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        Potential of RADARSAT-2 stereo radargrammetry for the generation of glacier DEMs
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Abstract

The study of glaciers and ice caps in remote and cloudy regions remains difficult using current remote sensing tools. Here the potential of stereo radargrammetry (SRG) with RADARSAT-2 Wide Ultra-Fine images is explored for DEM extraction, elevation changes and mass-balance calculations on Barnes Ice Cap (Nunavut, Canada). Over low-relief terrain surrounding Barnes, a vertical precision of ~7 m (1σ confidence level) is measured, as well as an average vertical bias of ~4 m. Moreover, we show that the C-band penetration depth over the ice cap is insignificant at this time of the year (i.e. late ablation season). This is likely due to a wet surface and the presence of superimposed ice that leads to a surface radar response. Comparing the SRG DEMs with other datasets, an historical glacier-wide mass balance of −0.52 ± 0.19 m w.e. a−1 is estimated for 1960–2013, whereas it decreases to −1.06 ± 0.84 m w.e. a−1 between 2005 and 2013. This clear acceleration of mass loss is in agreement with other recent studies. Given its all-weather functionality and its possible use without ground control points, the RADARSAT-2 SRG technology represents an appropriate alternative for glacier monitoring in cloudy and remote regions.

1. INTRODUCTION

Glaciers and ice caps (GIC) around the world are changing rapidly, especially in the current global warming context (Vaughan and others, 2013). Monitoring them is of primary importance to comprehend and predict the impacts of these changes (e.g. sea-level rise and water resources). Large-scale monitoring of GIC elevation changes and mass balances using geodetic methods has improved in recent decades thanks to new remote sensing techniques that allow the generation of DEMs. At the forefront, optical satellite missions (i.e. ASTER, SPOT-5, ICESat and more recently Pléiades and WorldView) have been extensively used for glaciological purposes (Kääb, 2008; Berthier and others, 2010; Gardner and others, 2012; Bolch and others, 2013; Trüssel and others, 2013; Quincey and others, 2014; Papasodoro and others, 2015). However, optical technologies are dependent on weather and lighting conditions, which complicate their systematic and/or on-demand use (i.e. at precise dates or years) in regularly cloudy areas. Given the all-weather capabilities of the C and X bands (i.e. penetration through rain and clouds), there is a need to explore in detail the data derived from Synthetic Aperture Radar (SAR) satellite missions for glaciological measurements.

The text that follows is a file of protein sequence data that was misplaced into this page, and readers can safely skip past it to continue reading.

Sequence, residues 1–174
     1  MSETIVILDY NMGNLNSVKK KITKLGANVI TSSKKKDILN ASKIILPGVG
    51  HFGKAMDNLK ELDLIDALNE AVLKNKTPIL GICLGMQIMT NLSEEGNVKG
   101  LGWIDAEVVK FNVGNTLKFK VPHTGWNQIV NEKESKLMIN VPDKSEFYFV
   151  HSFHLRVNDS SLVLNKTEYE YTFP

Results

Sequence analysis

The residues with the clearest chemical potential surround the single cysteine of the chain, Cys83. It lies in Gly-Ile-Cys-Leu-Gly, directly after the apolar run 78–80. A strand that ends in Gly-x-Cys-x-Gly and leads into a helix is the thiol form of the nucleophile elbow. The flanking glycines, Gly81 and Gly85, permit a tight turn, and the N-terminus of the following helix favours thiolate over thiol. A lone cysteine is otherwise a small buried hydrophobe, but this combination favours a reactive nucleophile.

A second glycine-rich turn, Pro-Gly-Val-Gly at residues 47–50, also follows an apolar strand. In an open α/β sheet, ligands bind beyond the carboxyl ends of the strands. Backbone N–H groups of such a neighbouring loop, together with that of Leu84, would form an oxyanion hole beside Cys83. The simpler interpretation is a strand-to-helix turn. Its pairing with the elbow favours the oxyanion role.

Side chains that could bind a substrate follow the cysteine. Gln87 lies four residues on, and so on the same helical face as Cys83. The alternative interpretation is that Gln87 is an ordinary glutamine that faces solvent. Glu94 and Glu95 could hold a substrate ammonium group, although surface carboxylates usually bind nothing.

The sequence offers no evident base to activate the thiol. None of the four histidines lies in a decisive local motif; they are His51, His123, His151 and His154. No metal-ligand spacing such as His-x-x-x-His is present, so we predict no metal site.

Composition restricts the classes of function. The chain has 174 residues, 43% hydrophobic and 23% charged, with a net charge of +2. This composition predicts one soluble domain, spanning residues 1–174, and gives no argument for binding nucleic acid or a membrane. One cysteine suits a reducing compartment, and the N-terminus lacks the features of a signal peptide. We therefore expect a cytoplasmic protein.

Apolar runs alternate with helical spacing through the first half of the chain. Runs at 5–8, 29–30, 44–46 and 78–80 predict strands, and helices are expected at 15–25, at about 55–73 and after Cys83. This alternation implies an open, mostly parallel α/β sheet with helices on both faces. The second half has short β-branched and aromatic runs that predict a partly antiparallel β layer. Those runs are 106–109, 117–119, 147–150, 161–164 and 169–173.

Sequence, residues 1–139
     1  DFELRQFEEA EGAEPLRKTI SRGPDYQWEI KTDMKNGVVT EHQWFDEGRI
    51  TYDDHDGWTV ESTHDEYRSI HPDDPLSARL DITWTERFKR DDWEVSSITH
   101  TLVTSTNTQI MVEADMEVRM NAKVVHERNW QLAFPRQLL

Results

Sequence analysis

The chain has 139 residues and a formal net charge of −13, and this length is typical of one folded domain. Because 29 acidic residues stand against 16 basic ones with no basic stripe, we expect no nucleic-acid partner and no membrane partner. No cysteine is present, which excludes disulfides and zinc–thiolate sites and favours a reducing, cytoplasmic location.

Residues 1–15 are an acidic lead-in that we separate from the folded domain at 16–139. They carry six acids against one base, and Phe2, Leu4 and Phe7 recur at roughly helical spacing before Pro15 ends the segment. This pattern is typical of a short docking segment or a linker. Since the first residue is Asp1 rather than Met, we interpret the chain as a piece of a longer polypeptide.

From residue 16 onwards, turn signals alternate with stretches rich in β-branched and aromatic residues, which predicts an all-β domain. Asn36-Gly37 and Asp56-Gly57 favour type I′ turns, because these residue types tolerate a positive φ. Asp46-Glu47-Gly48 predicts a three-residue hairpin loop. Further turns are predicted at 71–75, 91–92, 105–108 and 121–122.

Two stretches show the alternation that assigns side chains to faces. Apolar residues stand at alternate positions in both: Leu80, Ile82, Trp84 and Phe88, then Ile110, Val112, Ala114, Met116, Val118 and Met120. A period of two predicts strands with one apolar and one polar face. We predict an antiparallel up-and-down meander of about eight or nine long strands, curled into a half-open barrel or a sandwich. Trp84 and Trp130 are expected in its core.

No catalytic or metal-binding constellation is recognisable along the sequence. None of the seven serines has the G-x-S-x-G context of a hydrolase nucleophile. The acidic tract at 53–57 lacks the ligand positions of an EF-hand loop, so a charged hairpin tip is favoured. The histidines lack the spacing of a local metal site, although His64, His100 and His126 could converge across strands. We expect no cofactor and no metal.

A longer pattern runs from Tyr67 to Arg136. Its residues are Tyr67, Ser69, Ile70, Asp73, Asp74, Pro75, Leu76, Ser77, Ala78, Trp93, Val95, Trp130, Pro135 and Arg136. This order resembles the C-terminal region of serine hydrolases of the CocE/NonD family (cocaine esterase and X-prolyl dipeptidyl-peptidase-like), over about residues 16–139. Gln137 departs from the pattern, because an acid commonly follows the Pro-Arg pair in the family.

The two main approaches to generate a DEM from SAR data are interferometry and stereo radargrammetry (SRG). Interferometry uses the phase signal and has long been prioritized given that most spaceborne radar sensors over the past few decades (e.g. ERS-1 and RADARSAT-1) had low spatial resolutions compared with their high resolution in phase (Rott, 2009; Capaldo and others, 2011). SRG uses the amplitude signal and has been increasingly used following the launch in recent years of very high-resolution SAR satellites, such as TerraSAR-X, COSMO-SkyMed and RADARSAT-2 (Toutin and others, 2009; Raggam and others, 2010; Toutin, 2010, 2012; Capaldo and others, 2011, 2015; Toutin and Omari, 2011). These recent SRG studies have shown promising results with vertical precisions of up to ~4 m (standard deviation, SD) for elevations extracted over flat areas. This precision is somewhat worse than the relative error of the interferometry-derived global TanDEM-X DEMs (i.e. better than 2 m; see Krieger and others, 2007; Bräutigam and others, 2015). However, the slightly weaker precision of SRG is somewhat compensated for by its higher operability and capability to quickly generate on-demand DEMs with no ground control point (GCP), thanks to the Rational Polynomial Coefficients (RPCs), orbit information and accurate geometric models. By contrast, along with the fact that TanDEM-X DEMs will not be available for on-demand dates, the interferometric approach for DEM generation can be affected by a lack of coherence and decorrelation if the SAR images are not acquired simultaneously.

An advantage of using RADARSAT-2 (hereafter noted R2), compared with COSMO-SkyMed or TerraSAR-X, is that each R2 image is systematically provided with RPCs. This allows direct and fast geometric modeling without GCP in PCI Geomatics (2013)© software. For both TerraSAR-X and COSMO-SkyMed, RPCs are not distributed with images and a tool for RPC generation has to be used after acquisition (using for example the Italian SISAR software; Capaldo and others, 2011, 2015).